Black Unemployment Is Too High. Here's How The Fed Can Change That.

African-American unemployment declines two points for every one-point decline in white unemployment, according to a new data visualization tool.
Progressive activists say that if the Federal Reserve keeps interest rates low, it will especially benefit African-Americans, whose unemployment rate is higher.
Progressive activists say that if the Federal Reserve keeps interest rates low, it will especially benefit African-Americans, whose unemployment rate is higher.

Progressives often argue that Federal Reserve policies that prioritize full employment can especially benefit African-Americans. As economic growth lowers the overall unemployment rate, the theory goes, black Americans stand to make relatively larger employment gains.

In anticipation of the Fed's interest rate decision on Wednesday, the left-leaning Center for Economic and Policy Research created a data visualization tool showing why that is the case.

From 2000 to 2015, the African-American unemployment rate has been, on average, double the white unemployment rate, CEPR’s Kevin Cashman wrote in the analysis. Over the same period, the unemployment rate of African-American teens was over six times higher than the overall white unemployment rate. Cashman said that comparing the unemployment rate of a relatively privileged group -- whites overall -- to the unemployment rate of the most disadvantaged group -- black teens -- demonstrated the disparity most effectively.

Yet CEPR says that when the economy is growing, African-Americans can reap extra benefit: Any declines in white unemployment would occur alongside a nearly twofold decline in total black unemployment, and a sixfold decrease in black teen unemployment, the organization argues.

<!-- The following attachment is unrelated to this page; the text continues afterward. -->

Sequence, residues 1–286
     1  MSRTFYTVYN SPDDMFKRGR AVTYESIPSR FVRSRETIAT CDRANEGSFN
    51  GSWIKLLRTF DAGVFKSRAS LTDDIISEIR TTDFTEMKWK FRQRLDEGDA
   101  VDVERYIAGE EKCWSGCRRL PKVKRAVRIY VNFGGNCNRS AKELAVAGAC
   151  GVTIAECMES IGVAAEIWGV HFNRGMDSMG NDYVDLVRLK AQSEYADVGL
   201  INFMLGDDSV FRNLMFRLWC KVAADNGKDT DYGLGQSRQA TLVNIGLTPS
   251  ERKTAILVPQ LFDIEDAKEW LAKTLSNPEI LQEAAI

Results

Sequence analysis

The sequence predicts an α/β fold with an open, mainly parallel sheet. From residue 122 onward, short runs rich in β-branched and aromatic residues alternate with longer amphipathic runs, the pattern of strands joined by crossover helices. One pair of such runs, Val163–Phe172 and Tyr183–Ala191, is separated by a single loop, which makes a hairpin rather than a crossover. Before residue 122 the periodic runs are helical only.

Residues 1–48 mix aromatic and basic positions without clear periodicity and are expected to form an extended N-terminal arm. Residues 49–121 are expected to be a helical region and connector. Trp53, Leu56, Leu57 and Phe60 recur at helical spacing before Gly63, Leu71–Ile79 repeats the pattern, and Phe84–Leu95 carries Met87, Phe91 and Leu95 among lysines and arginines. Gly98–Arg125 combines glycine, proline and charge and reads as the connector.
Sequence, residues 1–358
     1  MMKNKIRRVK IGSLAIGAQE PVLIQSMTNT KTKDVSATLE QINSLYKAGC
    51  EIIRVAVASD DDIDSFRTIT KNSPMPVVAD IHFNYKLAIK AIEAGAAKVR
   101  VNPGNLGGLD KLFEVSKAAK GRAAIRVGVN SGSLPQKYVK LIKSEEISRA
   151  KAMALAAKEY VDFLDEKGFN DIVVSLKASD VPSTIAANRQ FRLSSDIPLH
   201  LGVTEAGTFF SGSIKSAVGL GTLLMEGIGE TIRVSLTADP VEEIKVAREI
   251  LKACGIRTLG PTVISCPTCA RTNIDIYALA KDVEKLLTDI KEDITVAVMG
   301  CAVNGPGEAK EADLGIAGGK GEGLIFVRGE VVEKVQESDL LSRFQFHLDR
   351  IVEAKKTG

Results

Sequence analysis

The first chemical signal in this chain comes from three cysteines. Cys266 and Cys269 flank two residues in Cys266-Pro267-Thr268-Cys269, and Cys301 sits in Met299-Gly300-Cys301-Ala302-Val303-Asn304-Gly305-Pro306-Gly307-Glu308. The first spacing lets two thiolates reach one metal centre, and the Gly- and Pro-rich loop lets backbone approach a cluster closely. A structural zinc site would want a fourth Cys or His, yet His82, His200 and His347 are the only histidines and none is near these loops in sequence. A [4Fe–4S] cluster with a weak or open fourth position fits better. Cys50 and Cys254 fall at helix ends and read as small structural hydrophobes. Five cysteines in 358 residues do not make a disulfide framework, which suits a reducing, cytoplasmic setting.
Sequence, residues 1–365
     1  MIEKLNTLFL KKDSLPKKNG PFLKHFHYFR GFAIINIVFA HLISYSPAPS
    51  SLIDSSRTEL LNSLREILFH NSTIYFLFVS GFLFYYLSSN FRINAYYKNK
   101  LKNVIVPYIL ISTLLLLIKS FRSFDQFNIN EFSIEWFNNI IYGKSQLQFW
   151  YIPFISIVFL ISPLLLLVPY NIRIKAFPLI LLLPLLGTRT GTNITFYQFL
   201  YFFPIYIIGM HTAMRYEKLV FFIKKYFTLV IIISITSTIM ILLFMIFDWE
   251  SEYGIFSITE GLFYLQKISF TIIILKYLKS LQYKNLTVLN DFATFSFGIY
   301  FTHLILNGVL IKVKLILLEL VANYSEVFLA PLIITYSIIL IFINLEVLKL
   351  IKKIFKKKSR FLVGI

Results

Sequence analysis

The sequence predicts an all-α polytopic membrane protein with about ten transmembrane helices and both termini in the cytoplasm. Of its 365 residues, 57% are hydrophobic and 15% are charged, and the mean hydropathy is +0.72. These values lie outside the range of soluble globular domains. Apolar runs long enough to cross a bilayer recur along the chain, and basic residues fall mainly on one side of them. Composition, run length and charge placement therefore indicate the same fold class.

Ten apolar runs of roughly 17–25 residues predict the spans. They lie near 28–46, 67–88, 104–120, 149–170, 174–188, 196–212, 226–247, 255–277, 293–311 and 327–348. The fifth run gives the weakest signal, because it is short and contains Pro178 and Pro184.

The tool below models how reductions in white unemployment would correspond with even greater declines in African-American unemployment.

Whether white unemployment -- and black unemployment -- could really drop that far depends on the Fed. If the Fed raises its benchmark interest rate, it deliberately caps the economy’s potential growth in order to prevent inflation.

Cashman hopes CEPR's tool will show why it's important to wait longer before raising interest rates by demonstrating how African-Americans and other historically marginalized groups would benefit as a result.

“This exercise shows the importance of keeping interest rates low, and how the resulting reduction in unemployment would greatly benefit black workers,” he wrote. “With low inflation and the recovery still incomplete, low interest rates still make sense.”

Other experts also support this theory. A study by the progressive Economic Policy Institute’s Valerie Wilson found that the African-American unemployment rate is more responsive to improvements in the overall job market than the white unemployment rate.

The Federal Open Market Committee, the central bank body that controls interest rates, announced on Wednesday that it would leave the benchmark interest rate unchanged at or near zero. However, the committee left the possibility open that it will raise rates in December, when it next meets.

Federal Reserve Board Chair Janet Yellen rankled some progressives when she implied that the Fed could do little to address high black unemployment rates. After her announcement in September that the benchmark interest rate would be unchanged, however, Yellen clarified that she appreciates how monetary policies that maximize employment have a notably positive impact on disadvantaged communities.

In September, the African-American unemployment rate was 9.2 percent and the white unemployment rate was 4.4 percent.

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